The Anatomy of Grappa: Wood

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Pomace, fire and… wood: these are the key elements that make up grappa.

The pomace is the body, the physical element that encloses grappa’s original characteristics. Fire is its soul, the intangible «breath of energy» that transforms matter into «spirit». And how about wood? What is its role in the production of grappa?

This new entry for the series Anatomy of Grappa unveils the essential role that wood plays in the evolution of our favorite distillate.


Paolo Marolo, founder of the homonymous distillery, has provided one of the most interesting definitions of wood’s role in the production of grappa. He compared wood to a custom-made suit: «During aging – says Paolo Marolo – the distiller is like a tailor. He uses the barrels to sew tailor-made suits. Just like a true stylist, he does not try to hide the grappa’s “body” but aims to bring out its natural beauty». For those who produce grappa, the wooden barrels are a means and not an end. Wood serves as a tool through which an already excellent distillate develops greater elegance, delicacy and sensorial richness. To reach utmost nobility.


The wood of the barrels facilitates an intimate contact between grappa and the idea that the master grappa maker has for his “creation”. Choosing a barrel (or an aging process that will include several barrels) is a bit like helping a teen choose which high school to attend. One must understand his true vocation without forgoing his education: his natural abilities must be consolidated through proper teaching to enable him to develop adult skills. In the same manner, grappa has a certain nature that comes from the characteristics of its variety of origin. These characteristics must never be underestimated nor eliminated through the use of wood, otherwise much of the intrinsic quality of the distillate will be destroyed. But once the aging process has been chosen, wood does not remain an inactive element. It slowly interacts with the grappa’s alcoholic component to enrich it with aromatic substances over time, allowing it to “mature”. A grappa aged in oak barrels will certainly be different from one aged in cherry wood. A barrel used for Barolo Chinato (just like one used for Grappa di Barolo 10 anni) will give very different hints compared to one used to refine Sherry.

We cannot fully explore all the possible combinations of wood essences and second passage barrels (those that were already used for aging wines and spirits ) in this article. But a master grappa maker knows all the aromatic nuances that each wood can give grappa and, starting from all the possible combinations, he senses the evolutionary potential of his creation. Just like distillation, the exquisitely artisanal science and art of aging is what makes or breaks grappa.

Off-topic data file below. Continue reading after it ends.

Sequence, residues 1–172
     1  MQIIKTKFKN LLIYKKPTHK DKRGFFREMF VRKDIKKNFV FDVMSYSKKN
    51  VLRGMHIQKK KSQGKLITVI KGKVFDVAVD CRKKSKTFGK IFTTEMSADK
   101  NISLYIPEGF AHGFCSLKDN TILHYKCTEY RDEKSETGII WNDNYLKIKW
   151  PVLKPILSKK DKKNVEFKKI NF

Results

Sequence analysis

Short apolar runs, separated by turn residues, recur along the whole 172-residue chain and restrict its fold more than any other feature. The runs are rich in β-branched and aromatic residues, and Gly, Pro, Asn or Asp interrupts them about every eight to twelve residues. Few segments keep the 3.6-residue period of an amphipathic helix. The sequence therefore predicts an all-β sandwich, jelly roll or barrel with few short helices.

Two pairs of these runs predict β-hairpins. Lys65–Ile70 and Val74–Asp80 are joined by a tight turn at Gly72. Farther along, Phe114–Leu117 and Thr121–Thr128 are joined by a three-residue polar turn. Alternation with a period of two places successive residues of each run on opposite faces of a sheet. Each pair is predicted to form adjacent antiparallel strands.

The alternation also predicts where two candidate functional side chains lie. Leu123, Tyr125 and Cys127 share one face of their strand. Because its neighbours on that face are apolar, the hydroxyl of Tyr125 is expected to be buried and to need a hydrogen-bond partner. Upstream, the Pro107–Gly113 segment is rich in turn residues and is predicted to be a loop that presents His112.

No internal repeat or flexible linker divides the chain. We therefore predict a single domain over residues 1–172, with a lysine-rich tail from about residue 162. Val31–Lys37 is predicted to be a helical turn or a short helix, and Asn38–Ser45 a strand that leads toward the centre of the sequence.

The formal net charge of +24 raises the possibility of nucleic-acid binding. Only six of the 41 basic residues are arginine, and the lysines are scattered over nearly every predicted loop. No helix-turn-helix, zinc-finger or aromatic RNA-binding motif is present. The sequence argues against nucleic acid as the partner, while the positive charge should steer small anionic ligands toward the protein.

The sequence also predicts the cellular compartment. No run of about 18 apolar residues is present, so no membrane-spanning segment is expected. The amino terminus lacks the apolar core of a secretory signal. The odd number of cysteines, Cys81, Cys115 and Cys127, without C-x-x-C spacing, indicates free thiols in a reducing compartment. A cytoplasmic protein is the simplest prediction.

The encounter between wood and grappa not only leads to the organoleptic transformation of the distillate, but also determines physical and chemical alterations that profoundly change grappa. The wood releases “essences” that a master distiller skillfully combines; but it also serves as a point of contact with the outside world, particularly with the air and humidity present in the aging rooms. Wood is a porous and transpiring living material. Therefore, aging in wood must be considered as a dynamic and active process, not something sterile and airtight.

During aging in wood, grappa undergoes two types of “movement”. The first consists in the contraction/ dilation due to the natural passing of the seasons. Cold temperatures cause the distillate to contract in the barrels, while heat increases its volume. This natural alternation (which is carefully avoided with wine by ensuring air conditioning in the aging rooms) is done on purpose: it allows the substances contained in the wood to seep into the grappa, prompting chemical reactions which endow the distillate with tertiary aromas (tobacco, wood, cocoa, coffee, licorice, vanilla …) over the years, as well as its characteristic amber color.

The second movement is transpiration. Wood allows oxygen to flow in and out of the barrel, which leads to a slow reduction in volume. Oxygen and other volatile components of grappa (particularly water and alcohol) pass through wood and, by osmosis, filter outwards to finally evaporate. The portion of grappa that evaporates is the so-called Angels’ Share: the process involves a natural decrease in volume of distillates that age in wood. The Angels’ Share (it was once believed that the portion which evaporates went straight to heaven) can be a substantial loss, even reaching 40% of the total volume for a 20-year-old distillate. But it is essential to the process. It enables the slow and progressive concentration of grappa’s alcoholic volume while, at the same time, promoting a natural and lasting stabilization of physical and chemical transformations that occurred due to the transpiring action of wood.

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